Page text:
Eligible for E(expanded)FMLA or FMLA?

Question

One of our employees has advised that her mother sustained an injury at home and fractured her spine, which is unfortunately fairly serious and has rendered her temporarily (hopefully) partially paralyzed. The employee’s mother is in the hospital and is scheduled for surgery, and the employee will need to care for her. The employee has inquired as to what forms of leave she may be permitted to take and what the status of these would be, whether paid or unpaid. This employee is eligible for regular FMLA, which does not involve any financial benefit other than continuation of health insurance. My question is whether the employee can twist this into a COVID-19-related FMLA leave and thus be eligible for compensation at 2/3 her regular rate of pay, or use COVID-19 and the need to provide continuing health care for her mother into a reason for being eligible for state unemployment insurance.

Answer

The maximum period of leave an employee can take under the federal Family and Medical Leave Act (FMLA), including any such leave as may be taken under the expanded FMLA (EFMLA) provisions provided by the new federal Families First Coronavirus Response Act (FFCRA), is still 12 weeks. The Department of Labor addresses this as follows in its Frequently Asked Questions page at question 45 as follows:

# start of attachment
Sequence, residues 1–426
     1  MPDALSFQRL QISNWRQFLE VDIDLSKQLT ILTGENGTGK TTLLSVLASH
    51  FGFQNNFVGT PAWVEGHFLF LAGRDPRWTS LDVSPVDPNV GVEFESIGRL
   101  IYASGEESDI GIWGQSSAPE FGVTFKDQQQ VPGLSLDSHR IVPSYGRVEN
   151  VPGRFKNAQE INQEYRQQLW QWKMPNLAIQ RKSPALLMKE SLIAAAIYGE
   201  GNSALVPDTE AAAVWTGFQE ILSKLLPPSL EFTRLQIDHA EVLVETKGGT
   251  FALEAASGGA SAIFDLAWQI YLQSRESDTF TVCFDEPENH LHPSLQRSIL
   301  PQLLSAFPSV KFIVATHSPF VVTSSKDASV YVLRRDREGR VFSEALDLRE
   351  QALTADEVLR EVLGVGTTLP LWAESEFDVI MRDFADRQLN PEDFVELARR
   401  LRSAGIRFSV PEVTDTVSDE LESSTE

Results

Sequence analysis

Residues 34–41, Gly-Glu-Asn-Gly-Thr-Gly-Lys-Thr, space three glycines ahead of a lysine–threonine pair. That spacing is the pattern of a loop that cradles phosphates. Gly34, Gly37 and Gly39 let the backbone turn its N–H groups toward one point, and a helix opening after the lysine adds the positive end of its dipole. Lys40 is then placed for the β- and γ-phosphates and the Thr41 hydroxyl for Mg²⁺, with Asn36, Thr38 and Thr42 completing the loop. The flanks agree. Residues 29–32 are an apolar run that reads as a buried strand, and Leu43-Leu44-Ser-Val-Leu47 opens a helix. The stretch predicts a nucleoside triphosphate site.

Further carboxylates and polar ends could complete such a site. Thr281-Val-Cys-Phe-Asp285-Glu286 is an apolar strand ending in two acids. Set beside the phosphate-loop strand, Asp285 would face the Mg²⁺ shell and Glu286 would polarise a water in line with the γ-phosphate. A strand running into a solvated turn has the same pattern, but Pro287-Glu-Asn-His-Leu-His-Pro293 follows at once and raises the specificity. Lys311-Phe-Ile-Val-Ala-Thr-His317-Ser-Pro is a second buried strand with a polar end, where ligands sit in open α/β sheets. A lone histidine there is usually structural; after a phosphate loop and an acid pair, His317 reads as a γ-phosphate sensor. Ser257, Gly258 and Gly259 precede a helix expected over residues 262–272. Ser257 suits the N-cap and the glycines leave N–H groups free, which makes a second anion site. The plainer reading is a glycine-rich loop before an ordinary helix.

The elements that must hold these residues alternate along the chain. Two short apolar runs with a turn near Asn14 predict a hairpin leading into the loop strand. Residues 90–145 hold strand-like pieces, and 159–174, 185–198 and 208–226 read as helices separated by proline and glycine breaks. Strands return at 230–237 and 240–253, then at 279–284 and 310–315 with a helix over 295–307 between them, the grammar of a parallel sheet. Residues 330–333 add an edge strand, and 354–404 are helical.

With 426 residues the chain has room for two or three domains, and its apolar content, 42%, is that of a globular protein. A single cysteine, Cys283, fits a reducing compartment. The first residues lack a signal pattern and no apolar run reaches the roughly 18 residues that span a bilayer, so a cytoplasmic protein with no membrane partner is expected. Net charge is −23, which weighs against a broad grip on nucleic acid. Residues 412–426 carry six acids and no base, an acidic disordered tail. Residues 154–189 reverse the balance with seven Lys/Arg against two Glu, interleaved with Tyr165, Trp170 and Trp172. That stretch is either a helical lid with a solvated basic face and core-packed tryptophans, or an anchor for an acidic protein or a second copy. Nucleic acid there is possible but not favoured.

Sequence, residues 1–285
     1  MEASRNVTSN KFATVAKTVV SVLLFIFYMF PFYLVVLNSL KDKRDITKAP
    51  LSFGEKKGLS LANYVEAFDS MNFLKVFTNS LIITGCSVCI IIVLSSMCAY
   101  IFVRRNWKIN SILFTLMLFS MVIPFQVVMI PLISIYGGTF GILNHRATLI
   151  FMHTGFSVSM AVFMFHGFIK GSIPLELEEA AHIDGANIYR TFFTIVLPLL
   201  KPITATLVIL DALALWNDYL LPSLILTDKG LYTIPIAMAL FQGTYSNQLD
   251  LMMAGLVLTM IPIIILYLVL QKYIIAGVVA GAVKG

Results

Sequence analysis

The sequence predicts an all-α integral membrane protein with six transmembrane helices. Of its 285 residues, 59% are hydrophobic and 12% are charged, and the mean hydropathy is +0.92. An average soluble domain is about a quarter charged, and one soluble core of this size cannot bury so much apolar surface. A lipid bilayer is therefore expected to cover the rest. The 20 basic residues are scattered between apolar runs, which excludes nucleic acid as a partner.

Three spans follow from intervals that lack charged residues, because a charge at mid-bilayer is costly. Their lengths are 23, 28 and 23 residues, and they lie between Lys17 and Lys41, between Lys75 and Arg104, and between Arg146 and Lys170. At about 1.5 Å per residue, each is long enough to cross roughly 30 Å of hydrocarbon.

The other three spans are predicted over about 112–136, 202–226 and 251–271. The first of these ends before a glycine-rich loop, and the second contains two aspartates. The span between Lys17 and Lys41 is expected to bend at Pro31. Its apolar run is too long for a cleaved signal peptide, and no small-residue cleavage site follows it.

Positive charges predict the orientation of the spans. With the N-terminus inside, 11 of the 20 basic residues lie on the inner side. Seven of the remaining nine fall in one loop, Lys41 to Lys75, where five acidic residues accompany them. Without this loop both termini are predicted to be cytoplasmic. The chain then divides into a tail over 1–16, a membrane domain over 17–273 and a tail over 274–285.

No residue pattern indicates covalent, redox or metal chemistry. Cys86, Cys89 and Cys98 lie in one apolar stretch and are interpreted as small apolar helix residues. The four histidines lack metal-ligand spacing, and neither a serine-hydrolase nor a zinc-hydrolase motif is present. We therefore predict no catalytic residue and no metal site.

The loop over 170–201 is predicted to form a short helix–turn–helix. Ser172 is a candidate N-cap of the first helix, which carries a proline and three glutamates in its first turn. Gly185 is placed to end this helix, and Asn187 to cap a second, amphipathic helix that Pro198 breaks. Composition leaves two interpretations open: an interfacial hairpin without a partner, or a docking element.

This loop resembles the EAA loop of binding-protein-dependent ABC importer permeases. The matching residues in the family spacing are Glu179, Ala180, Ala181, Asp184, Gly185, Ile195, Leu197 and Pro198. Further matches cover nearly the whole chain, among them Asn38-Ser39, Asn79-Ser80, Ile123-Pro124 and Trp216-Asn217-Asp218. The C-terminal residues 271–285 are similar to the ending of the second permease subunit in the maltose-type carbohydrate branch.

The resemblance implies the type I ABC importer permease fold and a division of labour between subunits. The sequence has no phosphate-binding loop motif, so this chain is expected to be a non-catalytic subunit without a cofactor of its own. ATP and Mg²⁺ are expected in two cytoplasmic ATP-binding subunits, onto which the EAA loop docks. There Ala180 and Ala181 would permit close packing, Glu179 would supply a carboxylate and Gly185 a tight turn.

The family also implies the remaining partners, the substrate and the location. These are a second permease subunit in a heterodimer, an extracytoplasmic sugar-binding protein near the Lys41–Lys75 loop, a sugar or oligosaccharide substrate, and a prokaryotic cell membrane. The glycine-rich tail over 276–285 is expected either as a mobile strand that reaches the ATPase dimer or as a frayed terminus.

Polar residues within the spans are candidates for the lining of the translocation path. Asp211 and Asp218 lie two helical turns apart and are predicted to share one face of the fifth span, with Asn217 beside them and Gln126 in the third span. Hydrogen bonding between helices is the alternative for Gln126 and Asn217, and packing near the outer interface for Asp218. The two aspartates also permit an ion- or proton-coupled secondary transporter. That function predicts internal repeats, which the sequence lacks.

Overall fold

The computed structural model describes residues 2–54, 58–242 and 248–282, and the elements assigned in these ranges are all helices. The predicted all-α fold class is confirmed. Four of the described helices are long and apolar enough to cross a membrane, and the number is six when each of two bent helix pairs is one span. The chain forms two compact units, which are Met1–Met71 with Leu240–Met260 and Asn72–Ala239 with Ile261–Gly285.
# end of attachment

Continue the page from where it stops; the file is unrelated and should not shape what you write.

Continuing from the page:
"May I take leave under the Family and Medical Leave Act over the next 12 months if I used some or all of my expanded family and medical leave under the Emergency Family and Medical Leave Expansion Act?"

It depends. You may take a total of 12 workweeks of leave during a 12-month period under the FMLA, including the Emergency Family and Medical Leave Expansion Act. If you take some, but not all 12, workweeks of your expanded family and medical leave by December 31, 2020, you may take the remaining portion of FMLA leave for a serious medical condition, as long as the total time taken does not exceed 12 workweeks in the 12-month period. Please note that expanded family and medical leave is available only until December 31, 2020; after that, you may only take FMLA leave. . . . For example, assume you take four weeks of Expanded Family and Medical Leave in April 2020 to care for your child whose school is closed due to a COVID-19 related reason. These four weeks count against your entitlement to 12 weeks of FMLA leave in a 12-month period. If you are eligible for preexisting FMLA leave and need to take such leave in August 2020 because you need surgery, you would be entitled to take up to eight weeks of FMLA leave. However, you are entitled to paid sick leave under the Emergency Paid Sick Leave Act regardless of how much leave you have taken under the FMLA. Paid sick leave is not a form of FMLA leave and therefore does not count toward the 12 workweeks in the 12-month period cap. But please note that if you take paid sick leave concurrently with the first two weeks of expanded family and medical leave, which may otherwise be unpaid, then those two weeks do count towards the 12 workweeks in the 12-month period."